This research project combines analytical and numerical techniques to investigate the solutions and soliton interactions for vector nonlinear Schrodinger systems (both continuous and discrete), the short-pulse equation and coupled Maxwell-Bloch equations. The nonlinear Schrodinger equation (NLS) and its vector generalization are universal asymptotic models for quasi-monochromatic waves in nonlinear media. Both NLS and vector NLS are completely integrable and can therefore be solved by the Inverse Scattering Transform (IST) method. However, this method for vector NLS in the normal dispersion regime (defocusing regime) is not yet fully developed. Hence, the complete development of this method and description of the soliton interactions is a principal part of the project. The coupled Maxwell-Bloch system, which arises as a model in atomic physics, laser physics and optics, will also be investigated by a suitable adaptation of the IST method. Further, the IST method will be extended to the recently derived short-pulse equation, which provides a more appropriate model than the quasi-monochromatic approximation. Theoretical development of the IST for these systems and elucidation of the soliton dynamics will be guided by numerical simulation and direct methods for constructing special solutions.
Because of their physical applicability in such diverse fields as water waves, magnetic spin waves, optical fibers, waveguides and Bose-Einstein condensates, NLS and other systems investigated in this project are of wide scientific relevance. Dynamics of their solitary wave (soliton) solutions is also of keen interest from the point of view of applications, as interaction of vector solitons sets forth the experimental foundations for designing controlled logic gates and all-optical computers, of the phenomenon of self-induced transparency, as well as a mechanism for polarization switching of light in multi-level media. The equations investigated in this project are not only models for phenomena at the frontier of physical science, but also have intrinsic mathematical value.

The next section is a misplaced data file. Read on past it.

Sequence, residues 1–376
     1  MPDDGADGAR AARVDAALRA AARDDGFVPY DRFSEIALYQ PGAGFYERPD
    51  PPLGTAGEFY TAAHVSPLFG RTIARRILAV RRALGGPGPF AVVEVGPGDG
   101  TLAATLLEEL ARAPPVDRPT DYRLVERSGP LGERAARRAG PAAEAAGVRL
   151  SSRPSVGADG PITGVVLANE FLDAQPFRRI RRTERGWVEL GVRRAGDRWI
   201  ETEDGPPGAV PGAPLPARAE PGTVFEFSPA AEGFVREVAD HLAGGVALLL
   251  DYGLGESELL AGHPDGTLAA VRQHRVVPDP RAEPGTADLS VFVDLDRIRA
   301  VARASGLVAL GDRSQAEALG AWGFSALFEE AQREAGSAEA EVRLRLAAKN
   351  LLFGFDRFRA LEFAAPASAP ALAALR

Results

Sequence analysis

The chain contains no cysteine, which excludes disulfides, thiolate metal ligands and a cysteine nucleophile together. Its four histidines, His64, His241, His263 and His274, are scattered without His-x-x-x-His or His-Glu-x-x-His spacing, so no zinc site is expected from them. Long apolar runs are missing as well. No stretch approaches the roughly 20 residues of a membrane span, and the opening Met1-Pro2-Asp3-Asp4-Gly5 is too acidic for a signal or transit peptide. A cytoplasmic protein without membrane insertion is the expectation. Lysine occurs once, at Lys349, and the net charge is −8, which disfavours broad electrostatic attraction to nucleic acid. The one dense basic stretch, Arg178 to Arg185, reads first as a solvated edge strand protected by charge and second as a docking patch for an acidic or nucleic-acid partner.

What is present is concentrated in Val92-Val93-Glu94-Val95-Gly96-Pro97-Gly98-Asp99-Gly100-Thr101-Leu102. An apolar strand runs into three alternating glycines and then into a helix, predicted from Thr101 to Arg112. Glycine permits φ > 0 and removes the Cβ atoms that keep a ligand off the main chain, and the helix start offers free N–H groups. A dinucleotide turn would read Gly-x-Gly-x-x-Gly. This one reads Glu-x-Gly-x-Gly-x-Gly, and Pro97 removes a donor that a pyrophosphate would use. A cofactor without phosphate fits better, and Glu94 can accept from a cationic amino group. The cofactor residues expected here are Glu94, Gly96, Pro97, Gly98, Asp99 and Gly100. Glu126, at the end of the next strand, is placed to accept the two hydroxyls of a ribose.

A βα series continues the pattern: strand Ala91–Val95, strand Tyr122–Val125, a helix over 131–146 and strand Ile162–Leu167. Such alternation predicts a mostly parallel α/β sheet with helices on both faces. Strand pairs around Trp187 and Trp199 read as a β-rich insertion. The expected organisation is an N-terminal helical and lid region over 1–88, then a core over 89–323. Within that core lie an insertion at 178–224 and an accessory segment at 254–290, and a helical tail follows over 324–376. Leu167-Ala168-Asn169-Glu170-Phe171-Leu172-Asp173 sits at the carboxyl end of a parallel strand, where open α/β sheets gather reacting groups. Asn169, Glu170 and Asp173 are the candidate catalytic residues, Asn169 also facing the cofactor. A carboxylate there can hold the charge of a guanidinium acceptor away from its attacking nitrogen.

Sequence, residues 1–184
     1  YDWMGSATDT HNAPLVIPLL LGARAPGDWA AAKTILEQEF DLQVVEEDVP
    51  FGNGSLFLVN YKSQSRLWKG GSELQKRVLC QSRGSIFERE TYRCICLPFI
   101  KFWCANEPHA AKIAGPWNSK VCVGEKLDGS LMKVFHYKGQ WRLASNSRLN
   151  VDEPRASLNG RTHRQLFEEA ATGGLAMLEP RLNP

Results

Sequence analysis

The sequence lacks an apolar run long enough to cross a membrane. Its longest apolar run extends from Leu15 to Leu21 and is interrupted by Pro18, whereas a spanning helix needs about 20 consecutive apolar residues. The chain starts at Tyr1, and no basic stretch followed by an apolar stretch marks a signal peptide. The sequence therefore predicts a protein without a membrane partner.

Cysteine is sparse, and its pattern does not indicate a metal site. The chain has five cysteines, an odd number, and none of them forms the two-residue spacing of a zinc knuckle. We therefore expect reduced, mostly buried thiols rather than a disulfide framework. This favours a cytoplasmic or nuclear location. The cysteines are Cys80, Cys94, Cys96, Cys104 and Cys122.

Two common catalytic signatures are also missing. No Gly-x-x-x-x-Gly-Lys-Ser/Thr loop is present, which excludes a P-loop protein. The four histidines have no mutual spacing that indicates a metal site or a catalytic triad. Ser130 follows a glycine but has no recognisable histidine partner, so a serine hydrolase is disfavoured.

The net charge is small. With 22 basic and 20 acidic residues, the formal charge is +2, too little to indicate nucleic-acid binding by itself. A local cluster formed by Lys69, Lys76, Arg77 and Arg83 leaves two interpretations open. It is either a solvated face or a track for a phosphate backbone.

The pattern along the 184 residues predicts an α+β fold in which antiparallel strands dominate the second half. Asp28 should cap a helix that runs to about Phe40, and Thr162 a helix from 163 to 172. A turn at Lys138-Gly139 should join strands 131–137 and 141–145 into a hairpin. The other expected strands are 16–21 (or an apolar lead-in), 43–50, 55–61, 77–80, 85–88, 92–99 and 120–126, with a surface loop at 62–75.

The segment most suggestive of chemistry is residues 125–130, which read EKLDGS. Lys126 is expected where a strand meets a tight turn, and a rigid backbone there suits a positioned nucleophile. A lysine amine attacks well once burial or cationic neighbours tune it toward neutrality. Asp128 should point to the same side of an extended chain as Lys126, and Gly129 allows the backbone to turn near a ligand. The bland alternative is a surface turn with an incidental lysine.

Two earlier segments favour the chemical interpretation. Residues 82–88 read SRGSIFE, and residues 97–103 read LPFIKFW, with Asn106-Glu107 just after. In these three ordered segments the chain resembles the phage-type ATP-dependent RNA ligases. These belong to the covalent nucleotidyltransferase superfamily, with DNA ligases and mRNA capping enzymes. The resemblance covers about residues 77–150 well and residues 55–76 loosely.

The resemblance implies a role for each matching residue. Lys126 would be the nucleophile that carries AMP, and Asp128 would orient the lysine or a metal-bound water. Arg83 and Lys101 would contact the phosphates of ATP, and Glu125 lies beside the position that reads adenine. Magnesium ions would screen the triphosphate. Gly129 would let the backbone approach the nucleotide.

The development of a modern IST for these equations will advance the fundamental understanding of complex physical phenomena in a unified mathematical framework and provide concrete information about the behavior of such systems. The collaborative nature of the research program, both between the principal investigators and with colleagues at nearby institutions, will serve to accelerate the development of an interconnected research community accessible to students at Montclair State and at University of Colorado at Colorado Springs (both undergraduate institutions). Significantly, the student population at both institutions includes a substantial number of members of underrepresented groups and the collaboration leverages existing programs directed to these students
|Effective start/end date||1/07/10 → 30/06/15|
- National Science Foundation: $142,168.00